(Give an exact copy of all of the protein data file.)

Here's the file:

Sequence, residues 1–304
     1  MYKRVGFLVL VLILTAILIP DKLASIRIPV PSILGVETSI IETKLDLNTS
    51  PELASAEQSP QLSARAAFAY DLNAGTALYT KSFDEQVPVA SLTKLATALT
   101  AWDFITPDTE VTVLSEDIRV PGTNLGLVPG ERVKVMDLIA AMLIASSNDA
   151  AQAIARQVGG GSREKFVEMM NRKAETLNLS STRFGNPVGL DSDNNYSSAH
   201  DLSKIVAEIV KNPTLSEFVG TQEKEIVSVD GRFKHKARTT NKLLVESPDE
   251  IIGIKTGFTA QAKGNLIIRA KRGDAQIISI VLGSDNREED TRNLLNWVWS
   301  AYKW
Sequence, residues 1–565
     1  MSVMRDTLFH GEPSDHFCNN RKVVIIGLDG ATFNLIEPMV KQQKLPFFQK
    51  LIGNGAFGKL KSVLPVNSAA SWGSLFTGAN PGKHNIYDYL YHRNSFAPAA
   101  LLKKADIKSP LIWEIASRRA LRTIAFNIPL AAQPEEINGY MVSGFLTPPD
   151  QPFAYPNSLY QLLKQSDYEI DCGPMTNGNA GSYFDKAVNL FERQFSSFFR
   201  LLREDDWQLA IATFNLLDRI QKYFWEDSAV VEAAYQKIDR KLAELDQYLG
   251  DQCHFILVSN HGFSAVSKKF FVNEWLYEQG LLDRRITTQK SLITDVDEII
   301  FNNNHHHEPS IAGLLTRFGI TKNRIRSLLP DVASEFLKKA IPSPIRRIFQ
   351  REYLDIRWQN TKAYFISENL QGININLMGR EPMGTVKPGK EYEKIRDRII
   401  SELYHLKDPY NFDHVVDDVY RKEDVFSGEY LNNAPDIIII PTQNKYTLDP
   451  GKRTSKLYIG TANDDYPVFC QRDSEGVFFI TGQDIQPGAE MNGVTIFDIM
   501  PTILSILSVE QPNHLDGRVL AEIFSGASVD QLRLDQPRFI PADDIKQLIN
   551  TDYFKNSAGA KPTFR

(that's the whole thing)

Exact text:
Sequence, residues 1–304
     1  MYKRVGFLVL VLILTAILIP DKLASIRIPV PSILGVETSI IETKLDLNTS
    51  PELASAEQSP QLSARAAFAY DLNAGTALYT KSFDEQVPVA SLTKLATALT
   101  AWDFITPDTE VTVLSEDIRV PGTNLGLVPG ERVKVMDLIA AMLIASSNDA
   151  AQAIARQVGG GSREKFVEMM NRKAETLNLS STRFGNPVGL DSDNNYSSAH
   201  DLSKIVAEIV KNPTLSEFVG TQEKEIVSVD GRFKHKARTT NKLLVESPDE
   251  IIGIKTGFTA QAKGNLIIRA KRGDAQIISI VLGSDNREED TRNLLNWVWS
   301  AYKW
Sequence, residues 1–565
     1  MSVMRDTLFH GEPSDHFCNN RKVVIIGLDG ATFNLIEPMV KQQKLPFFQK
    51  LIGNGAFGKL KSVLPVNSAA SWGSLFTGAN PGKHNIYDYL YHRNSFAPAA
   101  LLKKADIKSP LIWEIASRRA LRTIAFNIPL AAQPEEINGY MVSGFLTPPD
   151  QPFAYPNSLY QLLKQSDYEI DCGPMTNGNA GSYFDKAVNL FERQFSSFFR
   201  LLREDDWQLA IATFNLLDRI QKYFWEDSAV VEAAYQKIDR KLAELDQYLG
   251  DQCHFILVSN HGFSAVSKKF FVNEWLYEQG LLDRRITTQK SLITDVDEII
   301  FNNNHHHEPS IAGLLTRFGI TKNRIRSLLP DVASEFLKKA IPSPIRRIFQ
   351  REYLDIRWQN TKAYFISENL QGININLMGR EPMGTVKPGK EYEKIRDRII
   401  SELYHLKDPY NFDHVVDDVY RKEDVFSGEY LNNAPDIIII PTQNKYTLDP
   451  GKRTSKLYIG TANDDYPVFC QRDSEGVFFI TGQDIQPGAE MNGVTIFDIM
   501  PTILSILSVE QPNHLDGRVL AEIFSGASVD QLRLDQPRFI PADDIKQLIN
   551  TDYFKNSAGA KPTFR